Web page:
If your pre-season air conditioner inspection shows it’s time to consider a replacement, take a look at a heat pump. That’s right, a heat pump.
Heat Pumps Aren’t Just for Heating
Heat pumps are suffering from an identity crisis. While they do, in fact, pump heat around, they do it in a way that both heats and cools your home. That’s why some in the air handling industry are looking for ways to rebrand the product to make its dual functions more apparent.
The problem is that all the good names are taken.
When William Carrier invented the heat pump to exchange hot air for cold, he called it an air conditioner and the name stuck as the term for cooling systems. Of course it was equally good at heating, but that’s not what he was selling.
Heat pumps extract energy from ambient air and since there’s still a lot of energy even in cold air (Lord Kelvin showed that back in the 1850s), “Kelvinator” would be a good name, but it was trademarked for a refrigeration company in 1914. So until someone comes up with a better name, we’ll have to stick with “heat pump” and let people know it goes both ways.
How a Heat Pump Works
There are two types of heat pumps—air source and ground source—with air source much more common.
Air source heat pumps use a two-way blower system to pass outside air through a unit that heats it in the winter and cools it in the summer. A typical system has two components. An outdoor unit has a heat exchanger with a coil and fan. The coil operates as a condenser in cooling mode and an evaporator in heating mode. A unit called the air handler also has a coil and a fan. The fan blows the heated or cooled air through the building’s air distribution system.
In operation, it’s much like your kitchen refrigerator, exchanging hot air for cold and vice versa. In appearance, it’s similar to a typical HVAC unit. But in operation, it uses considerably less energy to do its work.
For more information about how air source heat pumps work, see this video on the This Old House YouTube channel.
Ground-source heat pumps transfer heat stored in the Earth into a building during the winter and out during the summer. These are less common and more costly than air-source options.
Energy Saving with a Heat Pump
A heat pump saves energy costs in two ways. First, it’s an all-electric system so there’s no natural gas or other fossil fuel expense. Second, by using the outside air as a supplemental energy source, overall electricity use is lowered. And since energy use is cut back, it’s not only economical, it’s environmentally friendly as well.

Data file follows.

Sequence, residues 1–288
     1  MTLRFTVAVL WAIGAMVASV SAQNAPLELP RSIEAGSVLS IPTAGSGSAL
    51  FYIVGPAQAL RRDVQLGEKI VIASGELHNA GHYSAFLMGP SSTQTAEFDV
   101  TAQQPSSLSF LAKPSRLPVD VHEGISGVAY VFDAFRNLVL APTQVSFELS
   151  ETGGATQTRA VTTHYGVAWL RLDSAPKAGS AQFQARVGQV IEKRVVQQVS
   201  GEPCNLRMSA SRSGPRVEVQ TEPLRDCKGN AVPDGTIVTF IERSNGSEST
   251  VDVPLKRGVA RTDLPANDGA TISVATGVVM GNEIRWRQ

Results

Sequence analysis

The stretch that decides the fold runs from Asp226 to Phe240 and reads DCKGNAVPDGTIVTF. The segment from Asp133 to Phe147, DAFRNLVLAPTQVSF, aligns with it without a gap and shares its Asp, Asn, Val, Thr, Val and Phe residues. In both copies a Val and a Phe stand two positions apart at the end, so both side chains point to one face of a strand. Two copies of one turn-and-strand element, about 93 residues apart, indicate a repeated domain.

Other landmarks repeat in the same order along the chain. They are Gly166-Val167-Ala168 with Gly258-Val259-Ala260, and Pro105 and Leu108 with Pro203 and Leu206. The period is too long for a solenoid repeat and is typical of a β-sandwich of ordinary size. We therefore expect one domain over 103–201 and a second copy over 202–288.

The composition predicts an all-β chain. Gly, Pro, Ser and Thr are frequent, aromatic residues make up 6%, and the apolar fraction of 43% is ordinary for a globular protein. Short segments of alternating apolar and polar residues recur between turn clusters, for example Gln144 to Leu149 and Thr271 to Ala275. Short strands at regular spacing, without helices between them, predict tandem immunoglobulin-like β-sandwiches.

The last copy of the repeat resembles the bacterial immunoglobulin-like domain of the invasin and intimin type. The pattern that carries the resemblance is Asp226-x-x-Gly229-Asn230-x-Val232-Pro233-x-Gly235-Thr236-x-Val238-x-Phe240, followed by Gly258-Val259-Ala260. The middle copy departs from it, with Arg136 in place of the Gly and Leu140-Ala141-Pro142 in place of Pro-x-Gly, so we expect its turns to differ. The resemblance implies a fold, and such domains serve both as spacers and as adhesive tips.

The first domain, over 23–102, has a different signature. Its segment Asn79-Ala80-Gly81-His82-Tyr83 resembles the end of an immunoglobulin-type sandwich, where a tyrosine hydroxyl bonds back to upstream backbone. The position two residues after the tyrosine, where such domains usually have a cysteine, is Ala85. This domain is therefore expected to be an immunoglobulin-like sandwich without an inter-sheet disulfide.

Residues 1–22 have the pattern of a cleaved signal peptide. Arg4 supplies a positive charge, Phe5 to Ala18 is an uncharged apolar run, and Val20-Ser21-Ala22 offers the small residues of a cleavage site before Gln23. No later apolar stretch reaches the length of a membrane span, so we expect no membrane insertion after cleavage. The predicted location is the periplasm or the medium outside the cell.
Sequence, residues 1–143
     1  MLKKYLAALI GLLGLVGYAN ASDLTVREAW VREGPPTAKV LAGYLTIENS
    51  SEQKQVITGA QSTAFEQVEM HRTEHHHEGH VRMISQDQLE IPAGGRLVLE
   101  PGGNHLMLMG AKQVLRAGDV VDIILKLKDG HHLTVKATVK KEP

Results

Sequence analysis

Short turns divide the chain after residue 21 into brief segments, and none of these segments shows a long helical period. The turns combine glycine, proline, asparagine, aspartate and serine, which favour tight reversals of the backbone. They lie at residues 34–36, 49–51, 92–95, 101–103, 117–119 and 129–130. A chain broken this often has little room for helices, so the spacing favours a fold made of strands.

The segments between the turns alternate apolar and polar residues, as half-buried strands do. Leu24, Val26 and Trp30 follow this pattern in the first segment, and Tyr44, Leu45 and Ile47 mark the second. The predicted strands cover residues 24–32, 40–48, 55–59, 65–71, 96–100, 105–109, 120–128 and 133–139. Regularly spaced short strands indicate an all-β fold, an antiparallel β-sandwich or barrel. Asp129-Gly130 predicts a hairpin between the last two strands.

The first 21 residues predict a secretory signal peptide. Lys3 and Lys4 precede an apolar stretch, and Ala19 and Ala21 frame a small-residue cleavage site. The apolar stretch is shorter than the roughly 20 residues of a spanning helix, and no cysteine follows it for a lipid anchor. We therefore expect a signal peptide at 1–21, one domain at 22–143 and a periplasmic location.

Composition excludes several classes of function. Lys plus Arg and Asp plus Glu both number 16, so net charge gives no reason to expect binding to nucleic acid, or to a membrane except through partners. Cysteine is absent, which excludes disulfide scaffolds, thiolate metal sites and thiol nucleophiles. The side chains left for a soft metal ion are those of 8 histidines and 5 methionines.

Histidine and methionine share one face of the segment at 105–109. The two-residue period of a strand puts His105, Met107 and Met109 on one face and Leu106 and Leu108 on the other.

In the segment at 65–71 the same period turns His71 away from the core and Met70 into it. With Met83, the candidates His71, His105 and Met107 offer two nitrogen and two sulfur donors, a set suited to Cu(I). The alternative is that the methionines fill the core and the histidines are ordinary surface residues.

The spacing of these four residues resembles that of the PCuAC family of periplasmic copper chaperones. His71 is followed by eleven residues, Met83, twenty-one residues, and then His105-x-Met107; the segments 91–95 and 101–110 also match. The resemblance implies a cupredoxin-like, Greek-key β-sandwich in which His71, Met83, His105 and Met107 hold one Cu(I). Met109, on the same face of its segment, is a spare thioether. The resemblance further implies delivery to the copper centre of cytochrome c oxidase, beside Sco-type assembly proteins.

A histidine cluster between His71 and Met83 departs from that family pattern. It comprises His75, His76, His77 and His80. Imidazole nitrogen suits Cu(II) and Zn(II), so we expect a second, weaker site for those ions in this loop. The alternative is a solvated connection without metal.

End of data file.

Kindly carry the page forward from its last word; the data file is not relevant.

Choosing a Heat Pump
Just like any other appliance, heat pump quality and efficiency can vary. A few years ago, they got a bad rap, especially with heating in cold climates. But advances in technology have largely overcome those objections. A knowledgeable contractor can guide you to the unit that will work best for you.
Purchase and installation costs are comparable to central air, but still represent a major investment. Sometimes a mini-split system (which uses the same technology as a heat pump) can be more cost effective. The experts at Allstar Electrical Services can help you decide.
Energy costs can also be a consideration since a heat pump is all-electric and many furnaces use natural gas for heating. With energy prices fluctuating wildly, a look at those costs is in order. But studies have shown that even when there’s a difference in the cost per BTU of natural gas and electricity that tilts in favor of gas, the difference is mitigated by the lower power needs of heat pumps. And don’t forget that you’ll be saving on your heating costs, too.
Since heat pumps are considered eco-friendly, there are also incentives offered by government agencies and utilities, so be sure to check those out. And the lowered environmental footprint of heat pumps is there regardless.
Get the Power You Need…Safely
Electrical work will be needed with any HVAC system you choose for your home or business. The unit(s) may need a dedicated 240-volt line as well as other wiring and connections, work that should only be done by a licensed electrical contractor. So don’t risk your comfort and safety by overlooking important electrical work to make your home improvements function at their best all year round.
Allstar Electrical Services delivers the expertise and quality results you expect for your projects, on budget and on time, whatever your needs may be. Just give us a call at (303) 399-7420 or visit our website. Then use our handy online forms to request a free estimate or set up an appointment. We’ve served the Front Range for over 20 years, are top-rated by the Better Business Bureau and are proud to be listed as a preferred contractor by Angi’s Home Advisor.